September 8, 2006

Human Development Index improves / Professional education reform

Mozambique has continued to make significant gains in its human development index in recent years, according to the statistics presented in the latest National Human Development Report. The human development index (HDI) consists of three variables - life expectancy at birth, educational level (measured by the adult literacy rate, and the combined enrolment rate for primary, secondary and tertiary education) and real GDP per capita. The maximum possible value for the HDI is 1, and the latest global Human Development Report from UNDP ranks Norway as the most developed country with an HDI of 0.963. At the bottom of the pile is Niger with an HDI of just 0.281.
The Mozambican researchers have calculated Mozambique's HDI since the start of the millennium. It has risen from 0.366 in 2000, to 0.385 in 2001, 0.402 in 2002, 0.414 in 2003, and 0.428 in 2004. So the HDI has grown, on average, by about four per cent a year.
All the components of the HDI show improvement. Despite the HIV/AIDS epidemic, the report states that Mozambique's life expectancy at birth has risen from 44.3 years in 2000 to 46.7 years in 2004 - which reflects reductions in infant and child mortality.
The adult literacy rate rose from 43.3 per cent in 2000 to 46.4 per cent, which is the figure established by the 2002-03 household survey undertaken by the National Statistics Institute (INE). Given the continued expansion of literacy classes since 2003, the rate is likely to be rather higher now. As for the school attendance rate, the continued expansion of the school network has ensured that an ever increasing number of children are able to attend school. There was an average annual increase in enrolment of about 7.6 per cent between 2000 and 2004. But the sharpest improvement has been in real per capita GDP, which rose from 996.3 to 1,640.6 dollars between 2000 and 2004. That is an average growth of 9.2 per cent a year.
As in previous editions, this report breaks down the GDP by province - which shows that GDP growth has been very uneven, ranging from an average of 18.9 per cent a year in Maputo province (certainly due to the construction here of the country's largest factory, the MOZAL aluminium smelter) to just 5.4 per cent a year in the neighbouring province of Gaza.
A strong showing is also made by Inhambane, with an average growth of 11.5 per cent a year - due overwhelmingly to the exploitation of natural gas at Temane, and the building of the gas pipeline from Temane to South Africa.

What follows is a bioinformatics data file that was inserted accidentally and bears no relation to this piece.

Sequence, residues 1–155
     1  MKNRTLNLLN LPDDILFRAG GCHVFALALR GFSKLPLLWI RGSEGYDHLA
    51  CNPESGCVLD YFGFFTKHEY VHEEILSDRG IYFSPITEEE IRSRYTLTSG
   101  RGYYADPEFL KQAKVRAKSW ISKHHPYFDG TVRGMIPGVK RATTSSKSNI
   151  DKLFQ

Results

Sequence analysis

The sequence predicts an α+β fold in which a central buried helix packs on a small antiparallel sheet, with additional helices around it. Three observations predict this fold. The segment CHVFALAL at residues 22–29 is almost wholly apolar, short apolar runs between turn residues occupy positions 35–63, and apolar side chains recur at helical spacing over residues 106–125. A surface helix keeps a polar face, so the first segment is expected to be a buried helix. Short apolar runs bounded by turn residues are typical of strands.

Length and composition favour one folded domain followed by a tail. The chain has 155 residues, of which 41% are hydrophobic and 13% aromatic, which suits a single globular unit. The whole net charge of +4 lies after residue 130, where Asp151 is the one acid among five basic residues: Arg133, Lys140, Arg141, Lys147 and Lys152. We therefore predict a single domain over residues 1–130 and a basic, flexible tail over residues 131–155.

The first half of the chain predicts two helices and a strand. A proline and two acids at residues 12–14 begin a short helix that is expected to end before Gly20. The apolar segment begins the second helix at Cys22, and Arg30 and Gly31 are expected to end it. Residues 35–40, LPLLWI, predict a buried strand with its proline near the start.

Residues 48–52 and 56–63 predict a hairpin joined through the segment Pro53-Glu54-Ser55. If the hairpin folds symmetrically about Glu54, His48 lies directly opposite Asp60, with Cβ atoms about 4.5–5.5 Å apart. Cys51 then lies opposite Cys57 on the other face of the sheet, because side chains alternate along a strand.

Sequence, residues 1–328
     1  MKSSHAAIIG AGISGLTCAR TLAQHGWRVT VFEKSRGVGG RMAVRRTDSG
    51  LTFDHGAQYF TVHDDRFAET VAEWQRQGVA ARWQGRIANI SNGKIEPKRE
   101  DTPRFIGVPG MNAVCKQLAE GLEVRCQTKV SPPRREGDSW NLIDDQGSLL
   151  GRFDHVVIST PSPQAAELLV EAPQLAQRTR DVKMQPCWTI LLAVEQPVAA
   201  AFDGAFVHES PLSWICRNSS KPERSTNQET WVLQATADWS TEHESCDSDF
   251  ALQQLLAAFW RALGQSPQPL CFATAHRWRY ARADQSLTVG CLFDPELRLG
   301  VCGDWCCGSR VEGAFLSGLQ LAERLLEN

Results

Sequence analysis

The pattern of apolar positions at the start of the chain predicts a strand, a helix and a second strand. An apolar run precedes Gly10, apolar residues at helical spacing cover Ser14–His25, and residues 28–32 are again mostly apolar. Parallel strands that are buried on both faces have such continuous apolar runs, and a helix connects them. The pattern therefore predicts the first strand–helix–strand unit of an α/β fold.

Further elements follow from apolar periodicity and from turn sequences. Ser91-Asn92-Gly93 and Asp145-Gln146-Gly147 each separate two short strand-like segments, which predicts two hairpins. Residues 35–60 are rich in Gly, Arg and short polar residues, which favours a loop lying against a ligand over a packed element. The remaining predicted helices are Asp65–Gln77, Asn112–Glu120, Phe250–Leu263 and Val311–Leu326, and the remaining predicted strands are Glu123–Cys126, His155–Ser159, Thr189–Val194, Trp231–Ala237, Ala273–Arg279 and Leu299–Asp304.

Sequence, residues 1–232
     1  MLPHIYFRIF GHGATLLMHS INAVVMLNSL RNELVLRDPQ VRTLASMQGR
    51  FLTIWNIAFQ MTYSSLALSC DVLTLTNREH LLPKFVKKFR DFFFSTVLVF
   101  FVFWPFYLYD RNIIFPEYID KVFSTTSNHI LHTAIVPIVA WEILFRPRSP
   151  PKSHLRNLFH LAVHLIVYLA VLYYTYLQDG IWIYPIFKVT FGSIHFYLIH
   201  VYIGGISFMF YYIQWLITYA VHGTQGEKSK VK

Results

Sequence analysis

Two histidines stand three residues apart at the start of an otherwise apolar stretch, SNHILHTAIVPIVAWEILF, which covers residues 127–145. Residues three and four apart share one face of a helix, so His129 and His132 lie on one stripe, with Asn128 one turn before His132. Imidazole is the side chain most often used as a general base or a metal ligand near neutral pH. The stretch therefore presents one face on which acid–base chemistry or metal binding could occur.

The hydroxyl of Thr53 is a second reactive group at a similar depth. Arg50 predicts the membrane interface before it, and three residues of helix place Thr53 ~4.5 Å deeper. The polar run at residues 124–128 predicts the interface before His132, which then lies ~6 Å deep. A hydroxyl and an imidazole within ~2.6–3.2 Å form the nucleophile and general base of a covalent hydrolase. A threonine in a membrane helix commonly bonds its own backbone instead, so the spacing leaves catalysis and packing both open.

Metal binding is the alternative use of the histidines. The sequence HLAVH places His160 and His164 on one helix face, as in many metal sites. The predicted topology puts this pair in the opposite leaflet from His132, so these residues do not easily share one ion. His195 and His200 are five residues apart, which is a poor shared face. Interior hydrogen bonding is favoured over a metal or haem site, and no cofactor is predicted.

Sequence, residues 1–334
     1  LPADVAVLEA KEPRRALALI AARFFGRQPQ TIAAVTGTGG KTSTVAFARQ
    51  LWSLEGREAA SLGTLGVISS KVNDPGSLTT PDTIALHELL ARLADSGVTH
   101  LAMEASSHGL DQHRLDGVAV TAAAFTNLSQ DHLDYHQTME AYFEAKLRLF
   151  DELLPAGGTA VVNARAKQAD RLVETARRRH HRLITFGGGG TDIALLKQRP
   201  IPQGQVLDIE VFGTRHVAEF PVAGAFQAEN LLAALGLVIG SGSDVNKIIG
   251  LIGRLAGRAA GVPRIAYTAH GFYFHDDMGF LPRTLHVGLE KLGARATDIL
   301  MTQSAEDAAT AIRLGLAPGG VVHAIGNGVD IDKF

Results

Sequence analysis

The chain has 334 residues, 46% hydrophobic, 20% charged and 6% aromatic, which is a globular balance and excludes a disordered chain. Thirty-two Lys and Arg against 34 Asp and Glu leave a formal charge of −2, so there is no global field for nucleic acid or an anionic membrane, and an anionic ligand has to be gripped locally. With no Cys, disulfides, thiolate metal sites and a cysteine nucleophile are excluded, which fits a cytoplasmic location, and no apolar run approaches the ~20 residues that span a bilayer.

Unlike the HDI, with the Human Poverty Index the higher the figure, the poorer the society in question is. In Mozambique the HPI has gradually fallen - from 55.9 in 1997, to 50.9 in 2000, to 48.9 in 2003 (the last year for which full figures were available when the report was written).
In the meantime, President Armando Guebuza has launched the government's Integrated Professional Education Reform Programme (PIREP). Guebuza called it "an important landmark in celebrating our commitment to constant improvement, with the interests of Mozambique and its people always at the centre of our attentions". The new programme envisages training by modules in courses of various lengths, which will make it possible to endow trainees with complementary skills inside and outside of formal schooling.
The programme is budgeted at 70 million US$, and is divided into a pilot phase, lasting until 2010, an experimental phase (2010-2015), and a consolidation phase (2015-2020). In the government's view, training by module introduces greater flexibility, so that technical and professional education can respond to the specific needs of the communities where this kind of educational institution is located. "Where we have forests, or conditions for fisheries and fish-farming, our training institutions must take these resources into account, and train people who are technically competent in the sustainable exploitation of this local wealth", said Guebuza. Through PIREP, he added, the government wanted people to receive the type of training that would make them useful to themselves and to society. Professional education, he insisted, should place on the labour market people who are able to participate in the creation of wealth that can generate further jobs for others. (Agencia de Informaciao der Mocambique, Maputo)

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